Unify Circuit VP: Let the Tools do the Talking on Productivity
As part of our Tech Track series, we asked Unify Circuit’s marketing VP Philipp Bohn how team collaboration tools were boosting business performance
When people in business ask the Big Question – namely, how to make more money – efficiency is usually one of the top topics of discussion. The ability to streamline, speed up, cut waste and improve how different parts of an operation interact with one another is treated as a panacea.
If you can get everyone in a business working together more effectively, great improvements in output will follow.
This is where the world of telecoms has been able to jostle its way into mainstream thinking on business planning and organisation. A key part of improving how effectively and efficiently people work together is communication. The easier it is for people to talk, to share, to interact and connect, the better they can work.
This is certainly where the consensus of opinion is on how team collaboration platforms can be sold to businesses as essential to their ambitions for growth. For Philipp Bohn, marketing vice president for Unify’s Circuit collaboration platform, this potential to boost efficiency has given UC&C a pivotal role in the whole process of digital transformation.
“There is no doubt that communication and collaboration are key drivers and enablers for any successful digital transformation,” said Philipp. “With the right solutions in place, a business can become more agile, less hierarchical and more collaborative – which circumvents some of the biggest issues large, siloed businesses face, such as effective decision making.”
“In addition, knowledge and data sharing will increase significantly, and businesses will easily be able to form cross-functional teams, work with new external partners and customers, all leading to better, more engaging, results.”
“What is crystal clear, however, is that none of this is achievable through legacy tools like email or telephone alone. It can only be done through collaborative platforms like Circuit where content is shared within the context of conversations, and available anywhere through the cloud.”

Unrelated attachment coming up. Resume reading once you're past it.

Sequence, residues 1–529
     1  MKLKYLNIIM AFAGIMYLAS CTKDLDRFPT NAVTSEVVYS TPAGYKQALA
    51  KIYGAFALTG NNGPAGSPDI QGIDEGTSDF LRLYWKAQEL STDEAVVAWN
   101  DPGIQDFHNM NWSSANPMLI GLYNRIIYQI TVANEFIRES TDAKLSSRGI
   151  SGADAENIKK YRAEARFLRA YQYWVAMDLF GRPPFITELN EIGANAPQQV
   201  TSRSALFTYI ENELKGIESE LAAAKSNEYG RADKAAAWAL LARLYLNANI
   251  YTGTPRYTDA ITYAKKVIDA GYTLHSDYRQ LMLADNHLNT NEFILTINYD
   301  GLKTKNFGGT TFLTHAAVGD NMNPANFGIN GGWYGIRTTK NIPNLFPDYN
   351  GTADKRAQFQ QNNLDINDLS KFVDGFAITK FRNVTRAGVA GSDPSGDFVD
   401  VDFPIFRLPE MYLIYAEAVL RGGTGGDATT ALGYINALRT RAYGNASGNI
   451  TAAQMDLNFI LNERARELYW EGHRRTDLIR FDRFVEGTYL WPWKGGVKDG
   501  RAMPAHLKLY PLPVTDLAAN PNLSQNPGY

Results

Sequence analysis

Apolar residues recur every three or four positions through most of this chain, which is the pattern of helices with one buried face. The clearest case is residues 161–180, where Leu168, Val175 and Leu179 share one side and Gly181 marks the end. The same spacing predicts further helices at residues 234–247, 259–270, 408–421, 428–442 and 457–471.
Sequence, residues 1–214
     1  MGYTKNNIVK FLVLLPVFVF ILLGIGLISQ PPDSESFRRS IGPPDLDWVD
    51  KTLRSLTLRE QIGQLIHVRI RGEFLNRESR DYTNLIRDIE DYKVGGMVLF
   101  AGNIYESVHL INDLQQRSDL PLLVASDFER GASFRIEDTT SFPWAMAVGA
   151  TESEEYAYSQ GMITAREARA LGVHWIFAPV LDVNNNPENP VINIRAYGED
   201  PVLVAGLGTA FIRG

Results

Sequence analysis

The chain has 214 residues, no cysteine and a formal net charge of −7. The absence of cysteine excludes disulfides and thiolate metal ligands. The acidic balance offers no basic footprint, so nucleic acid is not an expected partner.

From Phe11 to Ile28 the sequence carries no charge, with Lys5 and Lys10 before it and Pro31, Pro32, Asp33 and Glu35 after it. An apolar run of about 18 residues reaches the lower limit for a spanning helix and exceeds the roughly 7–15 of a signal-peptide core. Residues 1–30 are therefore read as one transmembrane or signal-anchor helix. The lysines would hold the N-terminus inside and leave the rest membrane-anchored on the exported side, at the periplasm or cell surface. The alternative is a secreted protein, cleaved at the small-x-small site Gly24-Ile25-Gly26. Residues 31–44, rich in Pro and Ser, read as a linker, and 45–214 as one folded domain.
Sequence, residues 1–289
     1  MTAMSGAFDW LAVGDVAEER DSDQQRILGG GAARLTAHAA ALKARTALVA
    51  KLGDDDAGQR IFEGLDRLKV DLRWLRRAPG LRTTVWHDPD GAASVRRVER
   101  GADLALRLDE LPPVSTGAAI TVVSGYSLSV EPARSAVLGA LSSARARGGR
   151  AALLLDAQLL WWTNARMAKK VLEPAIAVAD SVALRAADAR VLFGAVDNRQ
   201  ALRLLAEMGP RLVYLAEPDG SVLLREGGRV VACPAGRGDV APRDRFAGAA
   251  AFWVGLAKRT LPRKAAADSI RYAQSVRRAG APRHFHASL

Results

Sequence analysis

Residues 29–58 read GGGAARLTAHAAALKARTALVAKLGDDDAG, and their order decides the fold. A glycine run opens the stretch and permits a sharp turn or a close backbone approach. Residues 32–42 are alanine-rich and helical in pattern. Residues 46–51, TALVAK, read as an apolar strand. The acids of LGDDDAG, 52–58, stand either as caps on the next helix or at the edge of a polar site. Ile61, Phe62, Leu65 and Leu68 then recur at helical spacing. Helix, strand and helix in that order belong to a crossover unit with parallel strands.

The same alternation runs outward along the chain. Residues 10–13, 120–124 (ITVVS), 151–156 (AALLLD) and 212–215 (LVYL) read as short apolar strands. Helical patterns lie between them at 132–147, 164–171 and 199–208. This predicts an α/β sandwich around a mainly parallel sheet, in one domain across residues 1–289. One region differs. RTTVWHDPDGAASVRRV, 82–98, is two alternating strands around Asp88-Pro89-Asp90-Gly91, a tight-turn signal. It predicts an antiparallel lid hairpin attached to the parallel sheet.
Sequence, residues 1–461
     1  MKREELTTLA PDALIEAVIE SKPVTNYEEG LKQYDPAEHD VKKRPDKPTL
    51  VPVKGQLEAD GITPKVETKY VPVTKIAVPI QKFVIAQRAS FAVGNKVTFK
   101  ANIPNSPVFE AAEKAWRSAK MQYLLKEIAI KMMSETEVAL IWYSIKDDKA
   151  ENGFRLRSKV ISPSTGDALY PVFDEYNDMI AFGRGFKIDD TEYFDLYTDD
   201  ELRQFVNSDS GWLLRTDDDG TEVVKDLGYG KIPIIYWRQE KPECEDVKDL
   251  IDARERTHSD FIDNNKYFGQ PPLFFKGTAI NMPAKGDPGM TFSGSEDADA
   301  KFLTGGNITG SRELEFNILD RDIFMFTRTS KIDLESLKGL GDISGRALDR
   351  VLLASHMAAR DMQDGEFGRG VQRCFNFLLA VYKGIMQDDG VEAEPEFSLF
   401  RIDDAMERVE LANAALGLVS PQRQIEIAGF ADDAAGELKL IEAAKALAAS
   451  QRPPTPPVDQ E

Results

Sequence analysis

For Philipp, the problem with email is that it has been co-opted for uses it was never designed for, which has then led to frustrations among end users. “In the modern business world, email remains a very standard communication channel with the outside world. In fact, the majority of businesses still use it as their main point of communication with partners and customers,” he said.
“But, as with any mass communications tool, email has been abused and overused. Instead of just using it for critical, traceable communications such as sharing files, it is often used like a chat – with messages going back and forth.”
“This is why new collaboration and communications technologies, such as Circuit, which can organise communication, information and data in one place and within context, are becoming increasingly popular.
“We’ve seen time, and time again, that once businesses start using collaboration platforms, internal email volume goes down to almost zero over time – which will be a welcome relief for many.”
Familiar and comfortable
Much discussion about team collaboration platforms has centred around many imitate the look and feel or consumer IM and even social platforms people are familiar with from personal use. For Philipp, this is another key factor in how team collaboration apps can boost productivity. If you give people tools they are familiar and comfortable with, they will work more effectively.
“There’s no magic bullet to choosing the right app,” he said. “The most important thing is to genuinely understand your end users, their job functions and processes, and therefore their communications and collaborations needs. Look at elements such as what channels they require to do their jobs, and which cloud services they might have brought into the business from their personal lives to make things easier, for example, chat or file sharing. Above all, whatever app you choose, it must not hamper productivity – especially for mobile workers.”
The flip side of this, adds Philipp, is that familiarity, and providing tools which match genuine needs in the workplace, will help boost user adoption.
“It is all about understanding the end user,” he said. “Put their needs first, and map out the tools they may have already introduced on their own initiative. If you know what they’re after, you cannot go wrong.”
“On top of that, offer active training and change management to help those employees that struggle to make the migration from the old tools to new ones. Finally, lead by example. When you are deploying a new collaboration service, there should be no more internal emails coming from the senior management team, everyone top to bottom has to embrace the new system.”
It is not all just about keeping the workers happy, however. Philipp also believes cloud-based collaboration services are perfectly suited to respond to pressing business needs. He takes the issue of cyber security amidst growing threats to IT systems the world over.
“Recent security events, such as WannaCry and GoldenEye/NotPetya, show how easily IT deployments, especially those on premise, can be compromised if not properly monitored and updated,” he said.
“This is where cloud-first service providers take the lead. For example, within Unify, teams are constantly monitoring the system, running updates on an ongoing basis, and fix security issues as they occur.”
“One critical point is that we would encourage all enterprises to make sure their service providers have the relevant certifications, such as ISO 27001. It may seem like just a number on a piece of paper, but it is the rigorous processes behind these standards that can make the world of difference.”